Monday, November 19, 2012

Chionanthus foveolatus (Pock ironwood)

Each month, our readers look forward to our featured tree review. We conduct in-depth research into each species, to obtain as much information as we possibly can in order to offer you a truly valuable, expansive information resource. All the trees we feature are indigenous species which are suitable for use within commercial and residential landscaping projects and are easily grown throughout most of Southern Africa, but specifically the Western Cape.
The tough Chionanthus foveolatus, an attractive member of the olive family, is an asset to any landscape with its silvery grey, slender trunk, bushy crown and neat habit. Add to this the delightfully fragranced flowers and the striking, glossy, deep purple fruit and you have a tree that is perfect for any number of situations. The sweetly fragranced flowers attract bees and insects while many bird species delight in the fruit. Although the Pock ironwood occurs naturally along the South African coastline, these undemanding trees can be grown successfully throughout the country as they adapt easily to a wide range of soil and climatic conditions.

Botanical Name
Chionanthus foveolatus
Common Name
Pock ironwood
RSA National Tree No’
Hardy and ornamental, the Pock ironwood is a rewarding option for many landscaping applications. These charming trees are ideal for townhouse gardens or any area where space is restricted as they have non invasive roots and can be used as a single specimen tree or incorporated with shrubs and perennials to form an eye catching border. These tough trees are perfect for challenging coastal gardens where they can be used as windbreaks as they will tolerate high winds as well as extreme heat. Chionanthus foveolatus should be used far more extensively in the urban landscape as they are a truly decorative, low maintenance option for enhancing hot parking areas as well as adding fragrance and interest to streets and city business parks.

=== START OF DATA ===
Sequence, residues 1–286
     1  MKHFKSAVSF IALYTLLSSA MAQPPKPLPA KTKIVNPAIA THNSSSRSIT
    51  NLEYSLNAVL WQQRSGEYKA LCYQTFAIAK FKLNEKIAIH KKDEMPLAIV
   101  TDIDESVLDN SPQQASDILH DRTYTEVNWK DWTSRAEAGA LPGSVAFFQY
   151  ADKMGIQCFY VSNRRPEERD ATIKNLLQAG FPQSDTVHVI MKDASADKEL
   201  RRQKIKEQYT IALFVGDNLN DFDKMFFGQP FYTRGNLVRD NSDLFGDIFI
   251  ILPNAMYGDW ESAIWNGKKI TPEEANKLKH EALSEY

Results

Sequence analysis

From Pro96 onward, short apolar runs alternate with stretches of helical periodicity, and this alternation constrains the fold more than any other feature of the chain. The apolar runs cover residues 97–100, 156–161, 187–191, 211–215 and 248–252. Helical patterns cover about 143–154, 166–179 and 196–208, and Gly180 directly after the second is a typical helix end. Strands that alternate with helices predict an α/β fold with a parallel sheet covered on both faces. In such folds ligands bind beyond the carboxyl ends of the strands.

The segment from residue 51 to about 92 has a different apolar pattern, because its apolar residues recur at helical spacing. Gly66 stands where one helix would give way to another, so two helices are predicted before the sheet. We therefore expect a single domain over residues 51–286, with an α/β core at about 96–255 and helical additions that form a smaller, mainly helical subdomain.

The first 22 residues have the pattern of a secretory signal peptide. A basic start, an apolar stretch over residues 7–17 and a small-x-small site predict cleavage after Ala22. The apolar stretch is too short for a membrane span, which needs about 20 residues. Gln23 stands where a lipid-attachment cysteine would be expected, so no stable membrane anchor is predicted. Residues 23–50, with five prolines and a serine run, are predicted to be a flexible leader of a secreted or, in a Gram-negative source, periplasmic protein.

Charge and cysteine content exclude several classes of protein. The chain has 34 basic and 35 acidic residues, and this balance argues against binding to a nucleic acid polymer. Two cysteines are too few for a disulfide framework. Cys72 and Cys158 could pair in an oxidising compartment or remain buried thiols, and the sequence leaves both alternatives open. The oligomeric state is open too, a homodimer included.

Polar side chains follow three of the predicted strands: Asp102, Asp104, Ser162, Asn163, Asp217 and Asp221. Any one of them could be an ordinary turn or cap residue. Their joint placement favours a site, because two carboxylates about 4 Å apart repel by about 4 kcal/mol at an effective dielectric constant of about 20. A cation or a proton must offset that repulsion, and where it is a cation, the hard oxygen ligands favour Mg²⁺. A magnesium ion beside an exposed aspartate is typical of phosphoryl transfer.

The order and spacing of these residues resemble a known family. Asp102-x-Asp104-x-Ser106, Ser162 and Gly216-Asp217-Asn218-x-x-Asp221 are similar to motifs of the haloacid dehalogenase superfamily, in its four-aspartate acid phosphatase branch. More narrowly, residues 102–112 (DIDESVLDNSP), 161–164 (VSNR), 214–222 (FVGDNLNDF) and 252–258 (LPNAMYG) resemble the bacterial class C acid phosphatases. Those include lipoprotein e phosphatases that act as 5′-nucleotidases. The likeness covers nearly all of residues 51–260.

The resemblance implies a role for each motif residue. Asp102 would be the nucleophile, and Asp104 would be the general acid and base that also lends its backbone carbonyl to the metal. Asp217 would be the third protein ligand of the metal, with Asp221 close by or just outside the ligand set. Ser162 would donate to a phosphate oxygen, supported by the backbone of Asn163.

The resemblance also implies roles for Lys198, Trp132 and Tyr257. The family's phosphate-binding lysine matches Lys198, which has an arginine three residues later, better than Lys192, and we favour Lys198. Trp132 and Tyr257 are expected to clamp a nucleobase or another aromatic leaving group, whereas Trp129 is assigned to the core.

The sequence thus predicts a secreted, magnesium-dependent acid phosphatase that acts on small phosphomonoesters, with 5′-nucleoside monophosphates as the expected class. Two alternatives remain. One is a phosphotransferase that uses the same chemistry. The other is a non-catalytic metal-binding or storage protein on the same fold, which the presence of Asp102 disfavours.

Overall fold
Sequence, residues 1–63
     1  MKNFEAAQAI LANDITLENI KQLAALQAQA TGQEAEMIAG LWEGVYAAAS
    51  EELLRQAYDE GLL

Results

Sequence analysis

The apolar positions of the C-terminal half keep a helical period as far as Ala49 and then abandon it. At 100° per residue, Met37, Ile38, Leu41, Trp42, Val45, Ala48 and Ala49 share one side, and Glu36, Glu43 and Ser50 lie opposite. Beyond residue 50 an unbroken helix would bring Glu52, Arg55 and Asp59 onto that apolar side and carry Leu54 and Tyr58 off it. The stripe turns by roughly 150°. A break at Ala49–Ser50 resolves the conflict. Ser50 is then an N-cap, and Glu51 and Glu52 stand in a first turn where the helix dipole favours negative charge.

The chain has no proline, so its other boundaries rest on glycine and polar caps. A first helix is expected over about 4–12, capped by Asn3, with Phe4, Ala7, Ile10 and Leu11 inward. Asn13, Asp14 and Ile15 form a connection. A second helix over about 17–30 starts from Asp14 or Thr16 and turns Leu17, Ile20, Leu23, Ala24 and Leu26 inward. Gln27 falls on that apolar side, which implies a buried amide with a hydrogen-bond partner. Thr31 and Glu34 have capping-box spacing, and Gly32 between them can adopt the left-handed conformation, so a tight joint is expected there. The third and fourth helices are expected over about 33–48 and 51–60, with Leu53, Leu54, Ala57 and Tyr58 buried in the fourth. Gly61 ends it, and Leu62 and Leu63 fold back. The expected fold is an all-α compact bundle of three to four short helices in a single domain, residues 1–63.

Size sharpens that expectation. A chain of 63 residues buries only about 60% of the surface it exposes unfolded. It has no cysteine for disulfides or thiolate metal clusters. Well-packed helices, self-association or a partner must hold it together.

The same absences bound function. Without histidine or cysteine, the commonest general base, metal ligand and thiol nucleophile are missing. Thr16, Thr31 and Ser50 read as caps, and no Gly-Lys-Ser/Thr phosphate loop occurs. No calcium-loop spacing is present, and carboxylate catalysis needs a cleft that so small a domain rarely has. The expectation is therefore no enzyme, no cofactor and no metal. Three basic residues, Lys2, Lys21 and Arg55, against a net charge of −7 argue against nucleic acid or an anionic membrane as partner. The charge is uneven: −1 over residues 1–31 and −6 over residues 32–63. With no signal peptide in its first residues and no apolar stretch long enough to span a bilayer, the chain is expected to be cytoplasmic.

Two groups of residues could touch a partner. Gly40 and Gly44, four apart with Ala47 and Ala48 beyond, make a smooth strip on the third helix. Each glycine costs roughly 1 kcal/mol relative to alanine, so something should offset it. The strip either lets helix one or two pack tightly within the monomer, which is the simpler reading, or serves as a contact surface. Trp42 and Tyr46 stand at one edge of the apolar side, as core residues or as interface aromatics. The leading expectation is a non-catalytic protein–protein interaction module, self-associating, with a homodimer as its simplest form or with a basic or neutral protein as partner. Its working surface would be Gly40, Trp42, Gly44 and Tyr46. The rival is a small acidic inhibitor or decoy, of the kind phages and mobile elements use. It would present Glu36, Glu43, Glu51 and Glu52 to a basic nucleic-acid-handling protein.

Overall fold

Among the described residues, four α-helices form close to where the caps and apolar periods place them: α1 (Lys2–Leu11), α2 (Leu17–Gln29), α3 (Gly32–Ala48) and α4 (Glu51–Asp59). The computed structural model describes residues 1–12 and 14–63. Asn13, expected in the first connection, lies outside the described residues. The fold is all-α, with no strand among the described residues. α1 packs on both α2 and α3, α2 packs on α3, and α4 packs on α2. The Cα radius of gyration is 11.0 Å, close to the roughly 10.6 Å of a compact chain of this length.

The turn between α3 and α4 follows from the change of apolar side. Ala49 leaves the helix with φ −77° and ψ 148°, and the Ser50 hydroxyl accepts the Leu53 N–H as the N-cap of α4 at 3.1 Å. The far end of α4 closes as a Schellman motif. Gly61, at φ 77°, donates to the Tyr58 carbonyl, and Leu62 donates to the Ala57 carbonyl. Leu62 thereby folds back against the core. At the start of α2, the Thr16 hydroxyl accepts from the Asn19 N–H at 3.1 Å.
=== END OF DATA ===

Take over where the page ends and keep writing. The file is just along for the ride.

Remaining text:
Height5 – 8 m
3 – 5 m
Growth Habit
The Pock ironwood occurs in coastal and mountain forests as well as on rocky hillsides and dune scrub
The bark is light to dark grey and on younger trees the bark has a scattering of corky patches
The ovate – oblong leaves are opposite, glossy dark green on top and dull pale green below. In the axils of the veins on the underside of the leaf there are small pits that show as bumps on the upper surface giving rise to the name Pock ironwood
The sweetly fragranced, creamy white flowers are occasionally tinged with pink and are carried in the leaf axils. They appear from September to December
The fleshy ovoid fruits are 1,5 to 3 cm in length and turn a deep purplish black when ripe
The brownish seed is 3 to 5 mm long
Growing regions
Chionanthus foveolatus is common all along the eastern coast of South Africa from the Cape Peninsula all the way up to northern Kwa – Zulu Natal and as far as Limpopo
Growing conditions
The Pock ironwood will grow equally well in sun or shade and although these attractive trees can withstand dry conditions and poor soil they will perform better when they are given a dressing of organic fertilizer and adequate water
Best season
Spring / Summer
These trees will tolerate some frost as well as windy and dry conditions
Pock ironwood is easy to propagate as the seeds germinate readily. Plant the seeds in seedling trays and keep moist
Growth rate
As with all the olive species, Chionanthus foveolatus has various medicinal properties. It is the strong, heavy, golden coloured wood however, that is highly valued for making fine furniture as well as attractive and durable household items. An interesting essence is made from this tree at Platbos and this is said to enhance receptivity, intuition, focus, clarity and perspective.
Dovyalis caffra flowersDovyalis caffra fruitDovyalis caffra leaves and thorns
            C. foveolatus Foliage and Flowers                          C. foveolatus Bark                                 C. foveolatus Foliage and Fruit

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